MS. CZEDA: All right. And, you know, even as you visit the African region, one of the things that you'll be looking at is conflict. So let's talk about how conflict in the continent is impacting on the health – the health of the women – especially when it comes to maternal and the child health.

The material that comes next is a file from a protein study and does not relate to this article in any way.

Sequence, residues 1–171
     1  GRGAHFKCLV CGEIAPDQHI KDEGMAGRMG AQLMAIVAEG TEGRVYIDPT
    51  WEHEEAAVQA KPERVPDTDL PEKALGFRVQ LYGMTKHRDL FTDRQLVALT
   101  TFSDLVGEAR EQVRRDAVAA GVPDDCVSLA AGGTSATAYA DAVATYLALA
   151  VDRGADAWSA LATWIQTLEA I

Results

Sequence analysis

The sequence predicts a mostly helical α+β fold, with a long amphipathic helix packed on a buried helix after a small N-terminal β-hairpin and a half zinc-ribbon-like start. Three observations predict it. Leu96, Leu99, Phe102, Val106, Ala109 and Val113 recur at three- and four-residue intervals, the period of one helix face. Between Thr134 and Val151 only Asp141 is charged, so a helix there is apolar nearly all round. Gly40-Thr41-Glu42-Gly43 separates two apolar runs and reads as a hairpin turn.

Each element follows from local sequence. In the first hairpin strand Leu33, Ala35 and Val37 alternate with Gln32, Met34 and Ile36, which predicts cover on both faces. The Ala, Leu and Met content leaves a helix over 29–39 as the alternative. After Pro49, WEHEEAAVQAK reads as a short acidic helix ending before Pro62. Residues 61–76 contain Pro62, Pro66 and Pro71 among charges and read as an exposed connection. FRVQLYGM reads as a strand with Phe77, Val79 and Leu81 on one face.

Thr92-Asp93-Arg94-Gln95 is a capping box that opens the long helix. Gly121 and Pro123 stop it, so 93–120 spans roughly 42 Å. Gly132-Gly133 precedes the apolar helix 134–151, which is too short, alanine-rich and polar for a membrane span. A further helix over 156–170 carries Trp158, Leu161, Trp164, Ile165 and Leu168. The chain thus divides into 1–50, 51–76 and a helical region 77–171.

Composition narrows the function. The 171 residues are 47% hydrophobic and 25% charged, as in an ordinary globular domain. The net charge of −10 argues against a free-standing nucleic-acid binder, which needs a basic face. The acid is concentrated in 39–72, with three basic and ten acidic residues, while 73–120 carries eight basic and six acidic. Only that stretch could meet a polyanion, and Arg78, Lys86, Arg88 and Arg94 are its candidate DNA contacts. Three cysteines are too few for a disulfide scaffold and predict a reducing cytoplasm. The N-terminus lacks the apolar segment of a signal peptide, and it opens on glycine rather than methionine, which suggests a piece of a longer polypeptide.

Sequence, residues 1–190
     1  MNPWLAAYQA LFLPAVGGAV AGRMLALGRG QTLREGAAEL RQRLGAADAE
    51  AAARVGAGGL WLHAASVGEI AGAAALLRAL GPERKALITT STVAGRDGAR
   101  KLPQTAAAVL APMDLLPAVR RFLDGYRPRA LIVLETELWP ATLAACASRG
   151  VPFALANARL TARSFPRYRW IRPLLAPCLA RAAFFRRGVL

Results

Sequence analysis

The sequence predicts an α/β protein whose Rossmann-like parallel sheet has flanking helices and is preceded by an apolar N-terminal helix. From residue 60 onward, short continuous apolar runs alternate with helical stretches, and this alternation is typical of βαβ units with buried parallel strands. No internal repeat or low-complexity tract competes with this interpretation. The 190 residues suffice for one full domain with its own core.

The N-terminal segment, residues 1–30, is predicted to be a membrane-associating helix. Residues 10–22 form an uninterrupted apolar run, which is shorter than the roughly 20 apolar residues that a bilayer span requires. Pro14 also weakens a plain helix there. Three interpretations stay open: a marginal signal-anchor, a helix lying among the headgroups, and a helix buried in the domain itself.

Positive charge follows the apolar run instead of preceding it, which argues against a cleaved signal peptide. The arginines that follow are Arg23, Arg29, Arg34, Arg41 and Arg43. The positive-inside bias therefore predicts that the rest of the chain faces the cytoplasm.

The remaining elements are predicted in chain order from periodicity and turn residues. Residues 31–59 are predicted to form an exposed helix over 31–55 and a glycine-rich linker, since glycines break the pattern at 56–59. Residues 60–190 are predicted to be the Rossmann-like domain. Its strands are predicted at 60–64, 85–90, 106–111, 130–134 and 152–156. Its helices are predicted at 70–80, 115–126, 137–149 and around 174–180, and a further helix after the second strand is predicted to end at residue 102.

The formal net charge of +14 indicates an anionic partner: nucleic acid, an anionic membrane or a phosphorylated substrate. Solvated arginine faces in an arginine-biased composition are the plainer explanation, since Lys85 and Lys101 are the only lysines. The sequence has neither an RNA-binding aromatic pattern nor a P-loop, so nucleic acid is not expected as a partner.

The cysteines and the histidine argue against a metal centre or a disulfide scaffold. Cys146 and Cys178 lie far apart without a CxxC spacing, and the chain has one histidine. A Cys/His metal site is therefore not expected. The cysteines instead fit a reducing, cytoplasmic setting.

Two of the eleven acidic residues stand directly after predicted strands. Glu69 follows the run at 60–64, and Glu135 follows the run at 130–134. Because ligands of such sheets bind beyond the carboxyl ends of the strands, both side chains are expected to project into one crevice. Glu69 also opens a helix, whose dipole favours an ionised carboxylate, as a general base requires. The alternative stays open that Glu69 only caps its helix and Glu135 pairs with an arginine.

ADMINISTRATOR POWER: Well, I mean, look at Sudan right now where two so-called military leaders have recklessly taken their country to a path of destruction. I was just in Chad a few weeks ago watching Sudanese fleeing across the border, many of them had suffered sexual violence or had seen murder in front of their eyes. One mother had a child ripped out from under her arms and thrown into a fire. So when you talk about child mortality, that is on a very extreme and graphic side of the spectrum. But every day that that conflict goes on without remedy, without those leaders – so-called military leaders – putting the interests of their people first, you are going to see hospitals without electricity, surgeons who are performing surgery by candlelight because there's no fuel, mothers unable to get any form of transport to a health clinic, doctors who flee the country and become refugees and are no longer providing care. So when a country – individuals in a country, or military factions within a country – turn on themselves it is usually the women and children who suffer first – who suffer most – and that is what's happening right now in Sudan.